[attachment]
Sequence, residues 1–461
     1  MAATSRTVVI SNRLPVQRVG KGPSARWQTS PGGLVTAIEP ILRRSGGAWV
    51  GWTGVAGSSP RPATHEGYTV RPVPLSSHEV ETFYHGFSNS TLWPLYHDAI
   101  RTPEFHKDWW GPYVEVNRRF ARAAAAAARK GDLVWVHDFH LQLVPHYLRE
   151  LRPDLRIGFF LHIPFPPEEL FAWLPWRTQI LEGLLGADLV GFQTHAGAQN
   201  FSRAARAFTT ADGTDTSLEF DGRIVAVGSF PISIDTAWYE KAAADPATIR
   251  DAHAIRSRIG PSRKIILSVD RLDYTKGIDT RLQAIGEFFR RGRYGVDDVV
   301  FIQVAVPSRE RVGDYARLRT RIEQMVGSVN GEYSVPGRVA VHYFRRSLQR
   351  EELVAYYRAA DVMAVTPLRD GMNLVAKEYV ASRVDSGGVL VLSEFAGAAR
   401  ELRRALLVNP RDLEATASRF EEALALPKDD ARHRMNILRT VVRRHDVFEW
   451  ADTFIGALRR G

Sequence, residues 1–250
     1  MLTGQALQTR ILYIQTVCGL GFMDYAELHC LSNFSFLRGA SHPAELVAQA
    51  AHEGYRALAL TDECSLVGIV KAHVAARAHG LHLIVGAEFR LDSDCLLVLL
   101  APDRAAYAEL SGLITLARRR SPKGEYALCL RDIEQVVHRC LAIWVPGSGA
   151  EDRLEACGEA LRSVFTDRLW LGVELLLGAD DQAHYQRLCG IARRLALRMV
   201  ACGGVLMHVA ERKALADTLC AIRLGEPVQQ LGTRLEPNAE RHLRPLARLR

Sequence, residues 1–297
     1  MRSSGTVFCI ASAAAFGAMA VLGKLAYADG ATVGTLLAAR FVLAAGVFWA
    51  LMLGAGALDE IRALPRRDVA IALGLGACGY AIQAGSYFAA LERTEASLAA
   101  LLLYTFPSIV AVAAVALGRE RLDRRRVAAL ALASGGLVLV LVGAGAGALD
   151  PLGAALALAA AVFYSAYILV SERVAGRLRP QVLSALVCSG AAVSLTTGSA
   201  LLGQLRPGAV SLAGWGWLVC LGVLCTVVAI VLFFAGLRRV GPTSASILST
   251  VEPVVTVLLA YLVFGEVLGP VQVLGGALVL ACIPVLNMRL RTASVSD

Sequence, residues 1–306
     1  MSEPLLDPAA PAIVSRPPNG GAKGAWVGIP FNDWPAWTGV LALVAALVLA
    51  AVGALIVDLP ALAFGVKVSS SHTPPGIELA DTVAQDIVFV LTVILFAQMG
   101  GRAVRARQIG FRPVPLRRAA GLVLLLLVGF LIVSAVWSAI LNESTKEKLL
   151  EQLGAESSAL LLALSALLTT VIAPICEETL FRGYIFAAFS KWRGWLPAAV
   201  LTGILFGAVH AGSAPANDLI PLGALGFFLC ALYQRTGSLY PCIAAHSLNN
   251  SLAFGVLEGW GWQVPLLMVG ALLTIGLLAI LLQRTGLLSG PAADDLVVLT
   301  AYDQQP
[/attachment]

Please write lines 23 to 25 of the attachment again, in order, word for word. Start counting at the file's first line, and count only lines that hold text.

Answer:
   201  LLGQLRPGAV SLAGWGWLVC LGVLCTVVAI VLFFAGLRRV GPTSASILST
   251  VEPVVTVLLA YLVFGEVLGP VQVLGGALVL ACIPVLNMRL RTASVSD

Sequence, residues 1–306